The Lord comes then, and all the saints with Him. How impossible to think of a providential coming merely here! "When Christ, who is our Life, shall appear," says the apostle, "then shall ye also appear with Him in glory" (Col. 11. 4.) "Know ye not that the saints shall judge the world?" he asks elsewhere. Judgment is now impending: "out of His mouth goeth a sharp sword, that with it He may smite the nations." So Isaiah: "He shall smite the earth with the rod of His mouth, and with the breath of His lips shall He slay the wicked." (Chap. Xi. 4.) It needs but a word from Him to cause their destruction; while it is judgment no less according to His Word: it is that long and oft threatened, slow to come, but at last coming in the full measure of the denunciation. Patience is not repentance.

"And He shall rule them with an iron rod"- - -"shepherd" them, to use a scarcely English expression. This is, of course, the fulfillment of the prophecy of the second psalm, and decides against the still retained "break them" of the Revised Version. It is the shepherd's rod - this rod of iron, used in behalf of the flock: as He says in Isaiah again, "The day of vengeance is in My heart, and the year of My redeemed is come; and I looked, and there was none to help, and I wondered that there was none to uphold: therefore Mine own arm brought salvation unto Me, and My fury, it upheld Me." (Chap. lxiii.) This is distinctly in answer to the question, "Wherefore art Thou red in Thine apparel, and Thy garments like him that treadeth in the wine-fat?" and to which He answers, "I have trodden the wine-press alone." Here also "He treadeth the winepress of the fierceness and wrath of Almighty God."

Would it be believed that commentators have referred this to the cross, and the Lord's own sufferings there? And yet it is so; though the iron rod, with which the treading of the wine-press is associated in this place, is something that is promised to the overcomer in Thyatira - " To him will I give power over the nations, and he shall rule them with a rod of iron, even as I received of My Father." We have but with an honest mind to put a few texts together after this manner, and all difficulty disappears.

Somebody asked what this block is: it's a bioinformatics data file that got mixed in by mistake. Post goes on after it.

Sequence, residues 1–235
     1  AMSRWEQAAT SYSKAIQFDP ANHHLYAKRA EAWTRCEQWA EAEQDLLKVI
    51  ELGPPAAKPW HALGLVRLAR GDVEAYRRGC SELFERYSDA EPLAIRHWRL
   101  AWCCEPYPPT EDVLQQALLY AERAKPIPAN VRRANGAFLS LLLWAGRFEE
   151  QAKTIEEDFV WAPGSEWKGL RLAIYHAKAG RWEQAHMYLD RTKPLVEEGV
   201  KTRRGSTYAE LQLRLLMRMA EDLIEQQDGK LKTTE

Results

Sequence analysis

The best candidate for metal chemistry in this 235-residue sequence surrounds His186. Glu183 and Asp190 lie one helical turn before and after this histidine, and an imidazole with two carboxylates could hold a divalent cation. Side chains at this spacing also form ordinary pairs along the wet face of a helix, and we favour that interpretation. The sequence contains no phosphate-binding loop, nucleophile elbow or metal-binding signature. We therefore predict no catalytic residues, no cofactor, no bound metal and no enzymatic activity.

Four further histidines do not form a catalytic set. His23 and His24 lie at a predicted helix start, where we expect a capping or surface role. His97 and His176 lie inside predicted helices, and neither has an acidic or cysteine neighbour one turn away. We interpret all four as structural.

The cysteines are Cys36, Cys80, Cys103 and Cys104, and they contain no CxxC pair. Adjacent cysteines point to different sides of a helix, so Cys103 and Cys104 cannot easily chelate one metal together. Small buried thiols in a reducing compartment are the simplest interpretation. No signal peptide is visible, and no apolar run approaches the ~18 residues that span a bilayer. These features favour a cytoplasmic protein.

"And He hath on His vesture and on His thigh a name written - "King of kings and Lord of lords." Now, in terrible contrast to the invitation lately given to the marriage supper of the Lamb, an angel standing in the sun bids the birds of the heaven to the "great supper of God," to feast upon earth's proudest and all their following. Immediately after which the beast and the kings of the earth and their armies are seen gathered together to make war against Him who sits upon the horse, and against His army. We are no doubt to interpret this according to the Lord's words to Saul of Tarsus, - "Saul, Saul, why persecutest thou Me?" But we have seen the idol thrust into Jehovah's temple, and know well that Israel's persecutors rage openly against Israel's God. They are taken thus banded in rebellion, and judgment sweeps them down; the beast and the false prophet that wrought miracles before him (the antichristian second beast of the thirteenth chapter) being exempted from the common death, only to be Cast alive into a lake of fire burning with brimstone, where at the end of the thousand years of the saints' reign with Christ we find them still.